by Lucy Allen
Godzilla on Sundays is for anyone that’s ever shared a nerdy obsession of any kind, that’s experienced the evolution of a childhood friendship, or that just needs a few good laughs. While it falls victim to a couple of plot cliches, Godzilla on Sundays will undoubtedly reach out to anyone and everyone who’s experienced any one of these things.
The story remains firmly focused on the constantly evolving friendship of Dale (Brad Rowe) and Kadin (Timothy Nussey), from their days of working on school projects and watching Godzilla, to leading adult lives and…well, watching Godzilla. Eventually though the friendship comes across obstacles that neither could have anticipated and that even a mutual love of Godzilla can’t solve.
The comedy clips along at a quick pace, and the actors work well off each other to bring their friendship to life. Brad Rowe as Dale is especially funny. His childish love of all things Godzilla never ceased to amuse me, but he could also easily change to a more serious tone when it was required.
There’s an abundance of pop culture references as well, from Indiana Jones to Lord of the Flies. Being a little bit of a nerd (okay, a big nerd), I ate these up. Although their being spoken at a rapid fire pace, and occasionally being obscure, may leave some audience members scratching their heads.
The story’s tone is undoubtedly comedic, but it’s also grounded in the tragedy of a gradually changing friendship. It’s clear that the subject matter is close to writer D.J. Sylvis, (both the pop culture references and the emotional heart of the story,) and it shows in the quailty of the writing. Although the script tends towards a couple of cliched moments and the plot takes a somewhat strange turn, these are offset by the polished comedy and energetic performances.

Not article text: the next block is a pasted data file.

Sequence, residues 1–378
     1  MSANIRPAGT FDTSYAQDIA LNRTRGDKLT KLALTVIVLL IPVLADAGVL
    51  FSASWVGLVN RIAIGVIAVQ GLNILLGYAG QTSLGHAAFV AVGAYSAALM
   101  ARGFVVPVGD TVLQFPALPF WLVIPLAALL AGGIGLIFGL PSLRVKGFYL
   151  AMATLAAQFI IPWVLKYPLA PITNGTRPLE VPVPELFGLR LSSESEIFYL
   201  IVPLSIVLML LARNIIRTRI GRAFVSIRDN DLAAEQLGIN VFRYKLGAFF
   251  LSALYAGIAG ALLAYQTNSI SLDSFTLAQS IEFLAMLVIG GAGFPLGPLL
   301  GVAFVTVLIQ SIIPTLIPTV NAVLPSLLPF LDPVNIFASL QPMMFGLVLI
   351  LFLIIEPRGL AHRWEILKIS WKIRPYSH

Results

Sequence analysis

Perhaps it’s because I’m a nerd (really, who isn’t) or perhaps it’s because recently I’ve had my own experiences with old friends growing up, but Godzilla on Sundays managed to resonate with me in a way that not all art succeeds in doing. I was laughing hysterically through most of it, and pausing thoughtfully through the rest.
Every show may have its critics, but I’m pretty sure anyone who remembers hanging out with their best friend on a weekend will appreciate this show. Besides, there’s a giant Godzilla costume involved…who wouldn’t want to see that? Unfortunately this review has come a little late, as there are only a couple of performances left, so I’d suggest you book your tickets now!
–Godzilla on Sundays plays until Oct. 24 at the Bread and Circus (299 Augusta Ave.)
-Tickets are $15 and can be bought in advance or at the door.
-Doors open at 6:30 and the show begins at 7:30 every night.
-Tickets can be purchased at the door, by calling 416-336-3399 or online.